If Sam can't get around the corner on a regular basis in the pros, then there aren't a lot of other ways that he can be successful.

And that's the bottom line

As much as people are down on Sam because of his slow 40 time, my biggest concern would be his bench press number, 17 reps. I always say 20 is my litmus test. Any more than 20 reps of 225 pounds is an exhibition of endurance more than strength. If a guy gets fewer than 20 reps but shows his functional strength on the field, then maybe I could give him a pass.

With Sam, both his film and his bench press numbers are red flags about his strength level.

Photo credit: Brian Spurlock-USA TODAY Sports

It will be critical for Sam to get stronger in a hurry. I know the kids like to say "rise and grind" these days, and if Sam really wants to make it in the NFL he has to make that his personal slogan. It's not an impossible mission. Hell, I needed to get stronger when I came out of college too. I had a good trainer, and I worked my ass off to make it happen, same as a bunch of guys do every year. He just has to commit to it if he hasn't already.

If Sam can get substantially stronger, I really believe he is going to play, and I do mean play, five or more years in the NFL. It might not sound like much, but if a front office or head coach believes they can get five or more productive years out of a good pass rusher who can turn the corner and who can also probably contribute on special teams, most of them would love to draft a guy like that in the later rounds.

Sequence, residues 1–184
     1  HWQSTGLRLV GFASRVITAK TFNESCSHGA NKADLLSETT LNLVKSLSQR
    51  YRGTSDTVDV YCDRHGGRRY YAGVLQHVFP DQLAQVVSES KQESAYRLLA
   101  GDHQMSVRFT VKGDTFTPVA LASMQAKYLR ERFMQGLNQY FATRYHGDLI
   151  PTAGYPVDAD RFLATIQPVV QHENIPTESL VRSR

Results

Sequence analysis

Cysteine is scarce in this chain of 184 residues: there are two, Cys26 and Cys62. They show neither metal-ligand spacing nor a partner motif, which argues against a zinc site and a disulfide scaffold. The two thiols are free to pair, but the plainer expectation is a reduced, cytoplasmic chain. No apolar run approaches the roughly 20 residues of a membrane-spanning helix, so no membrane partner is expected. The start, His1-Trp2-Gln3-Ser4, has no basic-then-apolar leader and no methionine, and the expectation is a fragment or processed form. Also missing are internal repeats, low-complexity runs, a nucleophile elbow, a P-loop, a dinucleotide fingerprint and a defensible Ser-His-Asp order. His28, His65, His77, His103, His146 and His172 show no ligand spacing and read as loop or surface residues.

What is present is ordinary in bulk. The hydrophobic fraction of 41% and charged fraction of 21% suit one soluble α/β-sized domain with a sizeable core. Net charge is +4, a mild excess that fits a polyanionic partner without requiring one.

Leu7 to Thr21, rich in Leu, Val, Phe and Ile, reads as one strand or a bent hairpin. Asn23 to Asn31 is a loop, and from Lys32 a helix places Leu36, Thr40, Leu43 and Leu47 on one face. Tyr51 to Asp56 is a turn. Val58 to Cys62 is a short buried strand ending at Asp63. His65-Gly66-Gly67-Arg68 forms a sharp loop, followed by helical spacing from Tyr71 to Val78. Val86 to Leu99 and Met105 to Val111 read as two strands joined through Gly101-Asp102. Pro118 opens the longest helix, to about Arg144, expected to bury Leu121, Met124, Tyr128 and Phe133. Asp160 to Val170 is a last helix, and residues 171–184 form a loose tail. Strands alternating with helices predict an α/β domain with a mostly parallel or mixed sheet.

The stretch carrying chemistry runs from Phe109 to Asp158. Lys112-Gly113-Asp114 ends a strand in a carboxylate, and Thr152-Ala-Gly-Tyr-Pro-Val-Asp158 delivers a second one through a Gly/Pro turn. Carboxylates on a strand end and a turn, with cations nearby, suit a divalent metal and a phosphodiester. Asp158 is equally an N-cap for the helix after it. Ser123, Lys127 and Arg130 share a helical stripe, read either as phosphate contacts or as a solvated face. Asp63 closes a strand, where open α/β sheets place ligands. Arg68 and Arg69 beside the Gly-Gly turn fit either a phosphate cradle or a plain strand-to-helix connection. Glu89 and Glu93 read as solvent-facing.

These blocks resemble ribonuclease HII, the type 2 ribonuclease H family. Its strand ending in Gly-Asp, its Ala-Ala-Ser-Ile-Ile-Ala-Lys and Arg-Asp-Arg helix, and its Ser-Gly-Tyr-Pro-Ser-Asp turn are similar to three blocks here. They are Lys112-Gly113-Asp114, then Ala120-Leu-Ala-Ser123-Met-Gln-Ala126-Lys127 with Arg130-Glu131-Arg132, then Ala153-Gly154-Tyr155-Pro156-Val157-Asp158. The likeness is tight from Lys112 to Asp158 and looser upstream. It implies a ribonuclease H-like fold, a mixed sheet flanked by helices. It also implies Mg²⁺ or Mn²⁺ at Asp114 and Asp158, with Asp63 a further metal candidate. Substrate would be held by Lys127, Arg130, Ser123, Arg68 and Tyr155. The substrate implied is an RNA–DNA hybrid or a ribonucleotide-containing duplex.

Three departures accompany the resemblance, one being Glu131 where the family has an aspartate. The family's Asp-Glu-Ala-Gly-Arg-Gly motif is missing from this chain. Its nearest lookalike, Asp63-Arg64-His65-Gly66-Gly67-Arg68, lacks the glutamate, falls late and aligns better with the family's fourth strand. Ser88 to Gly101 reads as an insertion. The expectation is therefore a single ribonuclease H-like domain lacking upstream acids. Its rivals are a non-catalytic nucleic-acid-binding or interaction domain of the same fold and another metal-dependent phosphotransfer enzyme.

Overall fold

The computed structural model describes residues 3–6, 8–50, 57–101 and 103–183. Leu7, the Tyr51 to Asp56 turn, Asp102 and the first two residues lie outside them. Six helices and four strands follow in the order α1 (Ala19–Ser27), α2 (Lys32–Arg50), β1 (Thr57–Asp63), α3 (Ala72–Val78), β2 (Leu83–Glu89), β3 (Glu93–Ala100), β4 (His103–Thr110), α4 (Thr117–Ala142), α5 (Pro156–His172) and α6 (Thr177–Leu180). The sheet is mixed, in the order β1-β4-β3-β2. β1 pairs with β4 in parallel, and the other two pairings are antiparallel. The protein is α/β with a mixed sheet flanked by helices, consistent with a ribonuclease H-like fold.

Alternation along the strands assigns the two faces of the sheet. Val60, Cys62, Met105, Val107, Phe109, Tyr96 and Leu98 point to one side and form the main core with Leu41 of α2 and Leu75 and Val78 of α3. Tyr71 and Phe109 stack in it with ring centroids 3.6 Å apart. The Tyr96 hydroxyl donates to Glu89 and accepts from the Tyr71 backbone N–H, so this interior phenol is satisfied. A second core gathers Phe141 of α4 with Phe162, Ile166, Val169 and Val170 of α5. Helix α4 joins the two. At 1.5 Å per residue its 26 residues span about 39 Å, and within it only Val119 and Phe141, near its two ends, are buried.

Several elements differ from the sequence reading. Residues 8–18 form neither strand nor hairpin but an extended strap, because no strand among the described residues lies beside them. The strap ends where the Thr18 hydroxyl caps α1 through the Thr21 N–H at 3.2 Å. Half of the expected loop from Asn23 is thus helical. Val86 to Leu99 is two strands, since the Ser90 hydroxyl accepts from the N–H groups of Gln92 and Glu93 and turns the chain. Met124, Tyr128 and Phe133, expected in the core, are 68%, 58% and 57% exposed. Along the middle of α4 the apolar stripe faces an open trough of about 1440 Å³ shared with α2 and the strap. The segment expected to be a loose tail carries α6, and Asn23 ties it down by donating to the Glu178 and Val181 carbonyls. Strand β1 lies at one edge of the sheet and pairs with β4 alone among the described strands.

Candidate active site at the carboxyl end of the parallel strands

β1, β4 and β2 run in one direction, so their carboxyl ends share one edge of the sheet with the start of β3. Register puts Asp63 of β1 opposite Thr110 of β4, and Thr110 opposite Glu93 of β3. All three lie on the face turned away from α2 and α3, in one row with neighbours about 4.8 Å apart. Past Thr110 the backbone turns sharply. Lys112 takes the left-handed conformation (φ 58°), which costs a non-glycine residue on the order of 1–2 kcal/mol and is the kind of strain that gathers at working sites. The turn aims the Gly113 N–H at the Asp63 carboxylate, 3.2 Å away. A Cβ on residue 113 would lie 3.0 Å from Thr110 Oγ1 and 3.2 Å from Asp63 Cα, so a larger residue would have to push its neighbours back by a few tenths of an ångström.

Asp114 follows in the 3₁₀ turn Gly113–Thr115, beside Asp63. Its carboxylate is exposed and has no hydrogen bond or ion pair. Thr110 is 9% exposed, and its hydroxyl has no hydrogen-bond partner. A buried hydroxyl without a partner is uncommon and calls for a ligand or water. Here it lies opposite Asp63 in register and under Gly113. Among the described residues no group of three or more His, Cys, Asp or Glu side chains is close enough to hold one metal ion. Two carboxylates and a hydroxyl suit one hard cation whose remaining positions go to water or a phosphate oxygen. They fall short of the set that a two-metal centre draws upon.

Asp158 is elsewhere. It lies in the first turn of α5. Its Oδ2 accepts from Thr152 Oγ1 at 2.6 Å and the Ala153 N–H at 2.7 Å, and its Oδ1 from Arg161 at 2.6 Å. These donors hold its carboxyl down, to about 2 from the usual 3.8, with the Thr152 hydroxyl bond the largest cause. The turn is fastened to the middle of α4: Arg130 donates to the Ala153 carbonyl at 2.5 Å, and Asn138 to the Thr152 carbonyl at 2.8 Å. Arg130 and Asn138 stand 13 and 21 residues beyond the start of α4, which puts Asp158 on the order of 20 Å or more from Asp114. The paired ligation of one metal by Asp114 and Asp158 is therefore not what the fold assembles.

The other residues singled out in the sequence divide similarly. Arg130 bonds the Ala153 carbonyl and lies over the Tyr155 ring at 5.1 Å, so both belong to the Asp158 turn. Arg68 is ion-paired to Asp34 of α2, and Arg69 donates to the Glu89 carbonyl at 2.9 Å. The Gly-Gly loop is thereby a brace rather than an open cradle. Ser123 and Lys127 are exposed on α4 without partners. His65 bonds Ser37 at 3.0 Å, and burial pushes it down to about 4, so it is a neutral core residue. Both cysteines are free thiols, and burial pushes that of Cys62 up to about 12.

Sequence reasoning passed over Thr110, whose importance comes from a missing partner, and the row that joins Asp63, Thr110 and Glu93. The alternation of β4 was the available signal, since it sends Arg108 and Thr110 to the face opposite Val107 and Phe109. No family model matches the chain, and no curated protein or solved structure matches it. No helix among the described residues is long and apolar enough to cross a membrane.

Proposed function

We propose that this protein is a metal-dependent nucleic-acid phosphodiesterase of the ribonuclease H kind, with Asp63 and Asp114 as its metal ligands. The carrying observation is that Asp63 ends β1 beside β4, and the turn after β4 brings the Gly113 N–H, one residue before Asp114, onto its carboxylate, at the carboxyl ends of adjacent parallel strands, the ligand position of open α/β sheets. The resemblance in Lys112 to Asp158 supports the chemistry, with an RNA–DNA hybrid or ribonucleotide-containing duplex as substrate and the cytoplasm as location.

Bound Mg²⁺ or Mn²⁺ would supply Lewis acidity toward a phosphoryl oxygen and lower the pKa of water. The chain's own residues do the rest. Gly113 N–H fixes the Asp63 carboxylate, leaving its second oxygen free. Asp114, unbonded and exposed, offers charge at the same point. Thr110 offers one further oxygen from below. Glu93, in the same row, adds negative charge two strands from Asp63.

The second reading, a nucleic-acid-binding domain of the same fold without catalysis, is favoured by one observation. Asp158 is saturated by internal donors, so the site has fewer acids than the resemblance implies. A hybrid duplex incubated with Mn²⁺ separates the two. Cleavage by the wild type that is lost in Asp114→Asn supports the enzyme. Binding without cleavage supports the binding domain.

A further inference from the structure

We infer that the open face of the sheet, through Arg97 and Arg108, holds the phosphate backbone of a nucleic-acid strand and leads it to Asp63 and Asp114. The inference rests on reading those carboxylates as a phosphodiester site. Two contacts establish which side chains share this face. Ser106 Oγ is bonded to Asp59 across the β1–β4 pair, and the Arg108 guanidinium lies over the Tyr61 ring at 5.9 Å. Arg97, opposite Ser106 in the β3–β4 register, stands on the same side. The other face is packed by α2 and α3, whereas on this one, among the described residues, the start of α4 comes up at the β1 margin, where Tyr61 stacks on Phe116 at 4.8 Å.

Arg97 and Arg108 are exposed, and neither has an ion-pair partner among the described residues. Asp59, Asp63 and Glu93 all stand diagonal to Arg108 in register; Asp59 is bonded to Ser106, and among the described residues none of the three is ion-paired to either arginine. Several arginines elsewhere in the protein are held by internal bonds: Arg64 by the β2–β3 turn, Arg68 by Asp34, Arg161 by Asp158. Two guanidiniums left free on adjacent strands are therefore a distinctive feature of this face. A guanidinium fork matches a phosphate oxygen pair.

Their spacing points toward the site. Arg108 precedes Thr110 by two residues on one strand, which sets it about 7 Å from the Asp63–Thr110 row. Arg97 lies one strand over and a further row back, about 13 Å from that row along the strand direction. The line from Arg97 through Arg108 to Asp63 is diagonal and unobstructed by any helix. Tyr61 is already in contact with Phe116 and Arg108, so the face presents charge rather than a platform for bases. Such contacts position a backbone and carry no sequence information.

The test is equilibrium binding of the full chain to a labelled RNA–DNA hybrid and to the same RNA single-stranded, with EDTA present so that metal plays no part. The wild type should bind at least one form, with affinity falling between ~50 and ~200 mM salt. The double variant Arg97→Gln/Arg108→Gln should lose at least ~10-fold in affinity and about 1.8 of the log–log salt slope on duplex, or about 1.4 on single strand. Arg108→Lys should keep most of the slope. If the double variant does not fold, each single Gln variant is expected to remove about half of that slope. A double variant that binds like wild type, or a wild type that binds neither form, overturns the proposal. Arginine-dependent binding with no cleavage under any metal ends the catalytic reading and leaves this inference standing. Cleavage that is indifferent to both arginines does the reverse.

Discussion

I can't predict rounds for guys other than the first round. Who the hell really knows what will happen after that. If Michael Sam is drafted in the fifth round, I don't think whichever team that drafts him will be disappointed in the long run. Once he gets the functional strength to go along with his superb technique then there won't be any reason why Sam can't be a quality NFL player.

It's just a matter of Michael Sam putting in the work and a team deciding to take a chance that what he did in college can eventually translate to the NFL. Whatever round he is taken in won't ultimately matter anyway, because I see a bright future ahead of him as an NFL player.